Getting started


poliastro requires the following Python packages:

  • NumPy, for basic numerical routines
  • Astropy, for physical units and time handling
  • numba (optional), for accelerating the code
  • jplephem, for the planetary ephemerides using SPICE kernels
  • matplotlib, for the orbit plotting

poliastro is usually tested on Linux and Windows on Python 2.7, 3.3 and 3.4 (single codebase). It should work on OS X too with no changes (not tested).


The easiest and fastest way to get the package up and running is to install poliastro using conda:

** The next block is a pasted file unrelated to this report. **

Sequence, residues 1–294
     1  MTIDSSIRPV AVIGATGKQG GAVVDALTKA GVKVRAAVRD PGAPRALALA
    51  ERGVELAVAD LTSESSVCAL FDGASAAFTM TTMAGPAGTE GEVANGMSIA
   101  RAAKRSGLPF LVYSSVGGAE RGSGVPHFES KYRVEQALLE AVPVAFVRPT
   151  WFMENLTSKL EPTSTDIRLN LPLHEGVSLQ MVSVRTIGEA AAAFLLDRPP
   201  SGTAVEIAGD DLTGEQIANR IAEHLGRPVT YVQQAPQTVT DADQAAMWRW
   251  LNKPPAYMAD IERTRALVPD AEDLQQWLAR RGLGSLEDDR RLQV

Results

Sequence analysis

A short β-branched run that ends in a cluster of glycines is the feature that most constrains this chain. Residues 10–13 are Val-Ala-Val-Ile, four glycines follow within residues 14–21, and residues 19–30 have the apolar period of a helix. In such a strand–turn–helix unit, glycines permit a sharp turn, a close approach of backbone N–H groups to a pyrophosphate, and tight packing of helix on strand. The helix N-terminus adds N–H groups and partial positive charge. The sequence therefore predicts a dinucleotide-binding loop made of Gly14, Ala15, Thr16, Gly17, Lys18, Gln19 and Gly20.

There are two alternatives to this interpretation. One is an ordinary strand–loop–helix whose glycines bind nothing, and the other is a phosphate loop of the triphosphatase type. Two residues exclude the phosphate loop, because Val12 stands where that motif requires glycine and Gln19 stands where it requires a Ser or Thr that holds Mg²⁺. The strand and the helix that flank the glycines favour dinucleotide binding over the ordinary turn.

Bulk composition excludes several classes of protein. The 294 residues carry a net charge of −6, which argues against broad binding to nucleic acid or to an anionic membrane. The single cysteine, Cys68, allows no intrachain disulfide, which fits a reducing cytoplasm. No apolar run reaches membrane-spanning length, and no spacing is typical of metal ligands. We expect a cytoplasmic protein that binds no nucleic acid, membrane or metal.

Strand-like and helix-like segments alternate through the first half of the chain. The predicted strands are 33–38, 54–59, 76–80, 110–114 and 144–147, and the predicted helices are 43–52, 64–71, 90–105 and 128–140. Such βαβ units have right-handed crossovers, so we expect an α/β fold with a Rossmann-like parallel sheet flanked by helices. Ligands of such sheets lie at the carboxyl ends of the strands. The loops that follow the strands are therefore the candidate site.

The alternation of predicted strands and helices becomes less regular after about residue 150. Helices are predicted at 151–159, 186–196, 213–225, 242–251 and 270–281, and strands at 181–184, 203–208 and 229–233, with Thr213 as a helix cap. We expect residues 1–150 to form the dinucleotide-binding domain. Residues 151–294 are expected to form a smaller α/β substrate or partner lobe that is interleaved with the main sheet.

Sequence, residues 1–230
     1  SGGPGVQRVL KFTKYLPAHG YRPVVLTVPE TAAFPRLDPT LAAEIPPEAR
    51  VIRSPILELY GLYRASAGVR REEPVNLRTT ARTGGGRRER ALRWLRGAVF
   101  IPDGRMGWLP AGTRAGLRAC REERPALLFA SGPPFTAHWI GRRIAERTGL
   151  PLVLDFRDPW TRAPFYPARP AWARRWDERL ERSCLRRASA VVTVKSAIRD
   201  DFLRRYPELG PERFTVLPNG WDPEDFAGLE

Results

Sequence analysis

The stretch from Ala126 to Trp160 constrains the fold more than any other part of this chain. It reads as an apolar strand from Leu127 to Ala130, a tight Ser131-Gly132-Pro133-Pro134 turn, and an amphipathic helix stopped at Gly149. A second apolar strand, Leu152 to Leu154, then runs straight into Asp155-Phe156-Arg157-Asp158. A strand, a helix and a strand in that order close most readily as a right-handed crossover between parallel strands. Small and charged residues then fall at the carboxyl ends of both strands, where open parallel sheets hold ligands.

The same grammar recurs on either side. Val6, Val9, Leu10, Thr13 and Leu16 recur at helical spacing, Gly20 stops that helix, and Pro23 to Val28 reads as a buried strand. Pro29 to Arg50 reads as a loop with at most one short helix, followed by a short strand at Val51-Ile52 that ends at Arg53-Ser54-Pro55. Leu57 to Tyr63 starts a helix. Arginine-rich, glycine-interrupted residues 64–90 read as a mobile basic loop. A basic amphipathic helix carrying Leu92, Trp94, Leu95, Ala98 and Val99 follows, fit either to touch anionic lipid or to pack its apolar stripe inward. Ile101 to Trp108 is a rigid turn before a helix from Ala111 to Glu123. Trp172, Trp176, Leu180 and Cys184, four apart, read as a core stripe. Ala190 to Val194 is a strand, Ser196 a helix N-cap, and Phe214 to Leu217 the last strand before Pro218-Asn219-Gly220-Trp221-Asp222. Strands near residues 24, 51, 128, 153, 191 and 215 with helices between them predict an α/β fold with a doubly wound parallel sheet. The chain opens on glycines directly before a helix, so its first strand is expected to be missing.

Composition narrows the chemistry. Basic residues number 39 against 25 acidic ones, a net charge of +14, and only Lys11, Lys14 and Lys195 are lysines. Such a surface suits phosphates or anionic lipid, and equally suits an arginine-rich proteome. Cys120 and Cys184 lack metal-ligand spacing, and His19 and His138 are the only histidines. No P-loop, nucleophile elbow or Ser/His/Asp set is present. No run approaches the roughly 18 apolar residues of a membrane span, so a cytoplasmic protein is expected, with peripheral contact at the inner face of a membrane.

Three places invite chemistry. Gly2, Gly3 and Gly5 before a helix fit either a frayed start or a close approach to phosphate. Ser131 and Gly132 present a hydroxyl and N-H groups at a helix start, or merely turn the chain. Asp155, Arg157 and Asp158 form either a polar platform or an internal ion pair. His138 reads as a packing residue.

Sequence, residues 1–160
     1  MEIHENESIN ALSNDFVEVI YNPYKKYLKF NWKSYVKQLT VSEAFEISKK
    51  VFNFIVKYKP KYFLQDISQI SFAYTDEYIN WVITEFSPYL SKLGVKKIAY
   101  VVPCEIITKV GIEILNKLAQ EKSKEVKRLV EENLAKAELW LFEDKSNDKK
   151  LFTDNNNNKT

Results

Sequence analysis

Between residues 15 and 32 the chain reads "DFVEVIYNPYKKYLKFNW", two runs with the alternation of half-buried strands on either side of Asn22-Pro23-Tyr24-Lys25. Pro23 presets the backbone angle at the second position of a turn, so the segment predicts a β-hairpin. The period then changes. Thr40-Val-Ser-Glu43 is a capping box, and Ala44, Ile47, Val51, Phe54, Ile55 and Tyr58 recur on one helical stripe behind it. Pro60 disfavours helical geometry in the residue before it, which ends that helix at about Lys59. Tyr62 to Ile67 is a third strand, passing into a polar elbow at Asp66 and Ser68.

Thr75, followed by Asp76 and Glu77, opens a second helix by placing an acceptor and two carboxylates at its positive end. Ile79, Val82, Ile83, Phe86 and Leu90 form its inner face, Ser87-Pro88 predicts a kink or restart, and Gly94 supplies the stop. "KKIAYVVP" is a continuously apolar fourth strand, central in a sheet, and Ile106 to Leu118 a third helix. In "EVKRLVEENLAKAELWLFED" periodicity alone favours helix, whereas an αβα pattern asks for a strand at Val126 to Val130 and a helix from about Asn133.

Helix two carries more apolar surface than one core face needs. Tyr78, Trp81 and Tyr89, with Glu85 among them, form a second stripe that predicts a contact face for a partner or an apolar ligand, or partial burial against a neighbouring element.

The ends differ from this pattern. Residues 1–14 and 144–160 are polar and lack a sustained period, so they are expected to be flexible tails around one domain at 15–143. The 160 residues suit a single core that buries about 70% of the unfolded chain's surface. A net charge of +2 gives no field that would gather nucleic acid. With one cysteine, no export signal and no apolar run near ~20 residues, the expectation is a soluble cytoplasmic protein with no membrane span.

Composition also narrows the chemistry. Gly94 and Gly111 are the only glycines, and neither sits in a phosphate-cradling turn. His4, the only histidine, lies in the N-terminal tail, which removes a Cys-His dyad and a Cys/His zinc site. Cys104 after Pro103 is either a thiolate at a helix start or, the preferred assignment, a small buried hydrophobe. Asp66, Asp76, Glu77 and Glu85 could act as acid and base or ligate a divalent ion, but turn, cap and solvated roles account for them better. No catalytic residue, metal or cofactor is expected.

$ conda create -n poliastro34 python=3.4 -q
$ conda install poliastro -c poliastro

You can also install poliastro from PyPI using pip, given that you already have all the requirements:

$ pip install poliastro

You can also download poliastro source from GitHub and type:

$ python install

Development installations are also supported thanks to setuptools:

$ python develop


It is recommended that you never ever use sudo with distutils, pip, setuptools and friends in Linux because you might seriously break your system [1][2][3][4]. Options are per user directories, virtualenv or local installations.


If installed correctly, the tests can be run using py.test:

$ python -c "import poliastro; poliastro.test()"
Running unit tests for poliastro

If for some reason any test fails, please report it in the issue tracker.